Help your doorway set the tone for the rest of your home
ADD A FRESH COAT OF PAINT
One of the easiest ways to upgrade an older front door is with a new coat of paint or finish, says Tim Carter of askthebuilder.com. Painting or refinishing the front door can make it look new without having to replace the door.
Timeline: Anywhere from four to five hours, depending on how many coats you apply.
Needs: A gallon of primer; gallon of glossy paint; sandpaper; painting tape; 1-inch and 3-inch brushes; wiping cloth; screwdriver.
Cost: Depending on quality of paint, this project should cost about $50.
INSTALL A STORM DOOR
Storm doors offer your entry door protection from the elements and can extend the life of your front door, says home improvement expert James Dulley of Cincinnati. They can insulate and weatherproof the entryway, and they offer an added layer of protection for the front door. They also can add style to your front entry. Screened storm doors will allow ventilation on nice days.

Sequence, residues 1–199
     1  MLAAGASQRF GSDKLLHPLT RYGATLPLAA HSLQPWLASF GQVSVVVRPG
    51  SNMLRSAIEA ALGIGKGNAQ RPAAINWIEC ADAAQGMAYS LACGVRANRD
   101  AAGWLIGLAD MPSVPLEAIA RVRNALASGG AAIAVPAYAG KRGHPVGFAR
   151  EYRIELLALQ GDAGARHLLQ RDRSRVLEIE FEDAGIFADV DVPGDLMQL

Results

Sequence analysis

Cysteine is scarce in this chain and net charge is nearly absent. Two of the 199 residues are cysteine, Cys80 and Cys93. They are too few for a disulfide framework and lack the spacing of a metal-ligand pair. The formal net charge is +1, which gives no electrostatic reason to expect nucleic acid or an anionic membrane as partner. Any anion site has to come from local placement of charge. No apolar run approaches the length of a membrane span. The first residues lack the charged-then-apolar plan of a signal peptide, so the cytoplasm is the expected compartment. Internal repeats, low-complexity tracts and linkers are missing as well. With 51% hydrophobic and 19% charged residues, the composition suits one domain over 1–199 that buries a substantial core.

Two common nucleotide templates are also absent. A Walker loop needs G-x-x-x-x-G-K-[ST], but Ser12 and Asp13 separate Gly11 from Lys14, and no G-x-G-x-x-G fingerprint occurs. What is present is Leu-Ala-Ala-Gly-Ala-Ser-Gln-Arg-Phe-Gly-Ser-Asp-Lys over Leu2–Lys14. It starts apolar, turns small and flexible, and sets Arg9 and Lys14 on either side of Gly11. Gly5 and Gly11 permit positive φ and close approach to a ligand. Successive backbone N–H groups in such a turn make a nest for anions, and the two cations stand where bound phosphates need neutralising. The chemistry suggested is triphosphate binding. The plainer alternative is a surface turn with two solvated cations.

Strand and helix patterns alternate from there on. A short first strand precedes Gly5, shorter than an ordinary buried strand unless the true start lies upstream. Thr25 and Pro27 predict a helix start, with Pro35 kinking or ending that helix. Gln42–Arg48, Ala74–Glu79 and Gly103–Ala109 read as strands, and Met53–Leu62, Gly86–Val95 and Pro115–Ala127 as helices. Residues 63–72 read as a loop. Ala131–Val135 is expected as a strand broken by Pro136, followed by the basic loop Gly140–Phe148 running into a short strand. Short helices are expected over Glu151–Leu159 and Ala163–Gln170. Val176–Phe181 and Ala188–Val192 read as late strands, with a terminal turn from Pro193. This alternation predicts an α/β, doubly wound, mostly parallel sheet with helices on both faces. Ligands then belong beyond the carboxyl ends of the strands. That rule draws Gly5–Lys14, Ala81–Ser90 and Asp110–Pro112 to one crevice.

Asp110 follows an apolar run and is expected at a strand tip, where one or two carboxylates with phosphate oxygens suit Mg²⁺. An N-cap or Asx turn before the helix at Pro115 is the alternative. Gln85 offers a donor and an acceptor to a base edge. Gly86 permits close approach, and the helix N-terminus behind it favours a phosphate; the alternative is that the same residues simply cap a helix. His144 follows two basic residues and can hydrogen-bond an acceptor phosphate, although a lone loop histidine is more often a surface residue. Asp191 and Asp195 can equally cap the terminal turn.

Timeline: One to four hours depending on skill level.
Needs: Door, hammer, drill, screwdriver, level, hacksaw, tape measure, nails, wood shims.
Cost: $300 to have it installed; $225 for materials only.
ADD A KICKPLATE AND KNOCKER
Even if you don’t have children, adding a kickplate to the bottom of the front door is a quick and cheap way to make it look nicer, says Danny Lipford of DIY.com. If you have kids, it can help prolong the life of the door. Knockers
can be functional, and can replace a doorbell. Or they can just make your door look nice.
Timeline: Fifteen to 30 minutes.
Needs: Kickplate, knocker, drill, screwdriver.
Cost: Kickplates range from $20 to $75. Knockers range from $5 to $20 with custom ones running into the hundreds.
TRENDS IN WINDOWS
Saving energy is the trend in windows, says Don Vandervort of DIY.com. Double-pane and triplepane
windows with low-emittance glass have emerged as energy-saving replacements for single-pane windows.
BOTTOM LINE: Double-pane windows will save the typical homeowner from $126 to $465 a year, depending on your locale, according to the U.S. Department of Energy.